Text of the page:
It’s that time of the year again when your newsfeed is bombarded with shimmering over-the-top wedding photos. Some of them contain way too many pouting faces to count and some with sentimental moments. You “lucky” souls even get to experience “Bride-zillas” wreak havoc, inlaws complaining and children running through the dance performances prepared for weeks if not for months. If that’s not enough, the innate alarm clock in your parents start going off to remind/guilt-trip their adult children into getting married. When all of their efforts go in vain, your relatives get into a tag team championship with your parents into asking these questions. In such dire moments of survival, one needs to master the pro-move of deflection. Move mentioned below.
Pro Move: First give an innocent Smile. Then Nod while looking through them. And last but no least Walk away like your life depends on it. Just to make it clear, Smile, Nod and Walk away.
Among these dramas and “fun” moments, wedding season is back in full swing, bringing with it all kinds of mixed feelings. Kachchi being the main attraction for most of us, attending these emotion-induced events can be made fun as well if you know your way around it.
Juta Churi is one of many traditions that can be an adrenaline-filled heist. It is a culturally motivated shenanigan which only the 90s kids can relate to. Like from the decades-old movie Hum Aapke Hain Koun. There is an entire segment in the movie dedicated to the age-old tradition of Juta Churi. Yes, that’s right whoever reading this article and has seen Hum Aapke Hain Koun, in their childhood, be sure that you and I are old. It’s basically the young ones stealing the groom’s expensive shoes, like Apex’s Venturini, as he takes them off to get up on the stage or when he sits down to feast on the whole-roasted goat Khashi. Then the thieves or hustlers ask for fresh crisp notes in exchange for the pair. This ritual, however, is dying out.
The goal is relatively simple if you understand the composure of the Groom, given you’re on the bride’s team. You start off by keeping your eyes on the groom’s shoes to scrape out a convenient moment to swipe them only to be returned after a monetary transaction has been completed.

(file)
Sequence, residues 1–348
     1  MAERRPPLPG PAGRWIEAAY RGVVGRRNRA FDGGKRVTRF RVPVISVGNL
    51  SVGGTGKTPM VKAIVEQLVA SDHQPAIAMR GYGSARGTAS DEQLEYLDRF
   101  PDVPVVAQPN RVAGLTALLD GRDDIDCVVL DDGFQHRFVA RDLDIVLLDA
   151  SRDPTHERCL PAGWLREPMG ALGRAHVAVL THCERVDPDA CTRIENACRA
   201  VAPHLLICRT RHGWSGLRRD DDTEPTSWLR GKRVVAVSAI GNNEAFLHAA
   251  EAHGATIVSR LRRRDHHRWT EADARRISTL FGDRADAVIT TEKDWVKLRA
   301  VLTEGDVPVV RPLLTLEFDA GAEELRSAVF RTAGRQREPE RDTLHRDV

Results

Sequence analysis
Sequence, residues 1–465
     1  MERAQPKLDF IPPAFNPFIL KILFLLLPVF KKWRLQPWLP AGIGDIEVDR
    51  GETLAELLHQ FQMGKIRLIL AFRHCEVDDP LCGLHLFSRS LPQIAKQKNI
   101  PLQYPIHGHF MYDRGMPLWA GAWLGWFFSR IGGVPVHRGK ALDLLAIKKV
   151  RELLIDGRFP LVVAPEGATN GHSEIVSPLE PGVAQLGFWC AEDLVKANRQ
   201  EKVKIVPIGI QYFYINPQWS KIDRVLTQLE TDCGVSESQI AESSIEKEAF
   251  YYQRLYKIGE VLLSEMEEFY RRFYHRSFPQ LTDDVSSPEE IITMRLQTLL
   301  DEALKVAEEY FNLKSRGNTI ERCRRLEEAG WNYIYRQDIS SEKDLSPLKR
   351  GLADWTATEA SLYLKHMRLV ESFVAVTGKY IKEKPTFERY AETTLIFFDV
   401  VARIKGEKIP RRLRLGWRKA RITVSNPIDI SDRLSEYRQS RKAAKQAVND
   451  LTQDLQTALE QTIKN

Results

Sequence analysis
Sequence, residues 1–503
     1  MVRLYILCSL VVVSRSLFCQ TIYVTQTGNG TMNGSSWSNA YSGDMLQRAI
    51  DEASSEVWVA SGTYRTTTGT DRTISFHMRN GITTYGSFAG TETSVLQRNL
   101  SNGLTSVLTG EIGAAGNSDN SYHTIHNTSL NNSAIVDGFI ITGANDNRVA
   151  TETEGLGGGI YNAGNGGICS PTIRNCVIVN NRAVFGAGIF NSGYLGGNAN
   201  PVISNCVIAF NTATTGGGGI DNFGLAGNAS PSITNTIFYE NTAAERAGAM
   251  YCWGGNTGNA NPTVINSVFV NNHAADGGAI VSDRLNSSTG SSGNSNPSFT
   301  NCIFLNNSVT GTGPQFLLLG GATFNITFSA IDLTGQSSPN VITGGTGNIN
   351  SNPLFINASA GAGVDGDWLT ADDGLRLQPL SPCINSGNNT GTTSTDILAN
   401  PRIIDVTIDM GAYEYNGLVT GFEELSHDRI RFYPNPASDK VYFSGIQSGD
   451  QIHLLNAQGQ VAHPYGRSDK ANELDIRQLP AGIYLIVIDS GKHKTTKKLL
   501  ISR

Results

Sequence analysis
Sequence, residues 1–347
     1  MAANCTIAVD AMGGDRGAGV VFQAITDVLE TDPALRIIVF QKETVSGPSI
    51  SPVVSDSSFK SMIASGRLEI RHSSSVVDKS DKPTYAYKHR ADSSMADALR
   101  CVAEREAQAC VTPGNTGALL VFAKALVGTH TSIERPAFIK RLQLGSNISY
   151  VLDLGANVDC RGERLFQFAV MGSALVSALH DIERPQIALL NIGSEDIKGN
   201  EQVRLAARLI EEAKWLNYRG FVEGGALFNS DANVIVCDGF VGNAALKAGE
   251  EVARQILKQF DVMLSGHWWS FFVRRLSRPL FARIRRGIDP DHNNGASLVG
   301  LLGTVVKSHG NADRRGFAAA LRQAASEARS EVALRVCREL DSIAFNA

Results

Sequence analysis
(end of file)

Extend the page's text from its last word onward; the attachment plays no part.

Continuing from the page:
However, your path will be barred by adversaries, the death eaters (Harry Potter Reference) of the groom side. You have to be swift with your sleight of hand when you do the deed.
I’ve been personally part of a Juta Churi incident. It turned ugly very fast. It was at my friend’s wedding. We conveniently stole our dulabhai’s naagras (ethnic footwear) and while the deed was being done, a full-blown brawl broke out which was obviously mitigated at the after-party.
Piece of Advice: Announce the Juta Churi a week before the event and come to an agreement over the amount to avoid a fight from breaking out on the big day.
Our wedding ceremonies have become elaborate. We lavishly decorate a gargantuan venue, meticulously choreograph a Bollywood level dance routine, and invite every acquaintance we have crossed path with in life! Slowly but surely new customs like the mandated after-party have permeated into our wedding celebrations. If we put in just a fraction of the effort into sustaining the age-old tradition of Juta Churi, then we might just be a lucky generation to add another celebratory note to our matrimonial madness.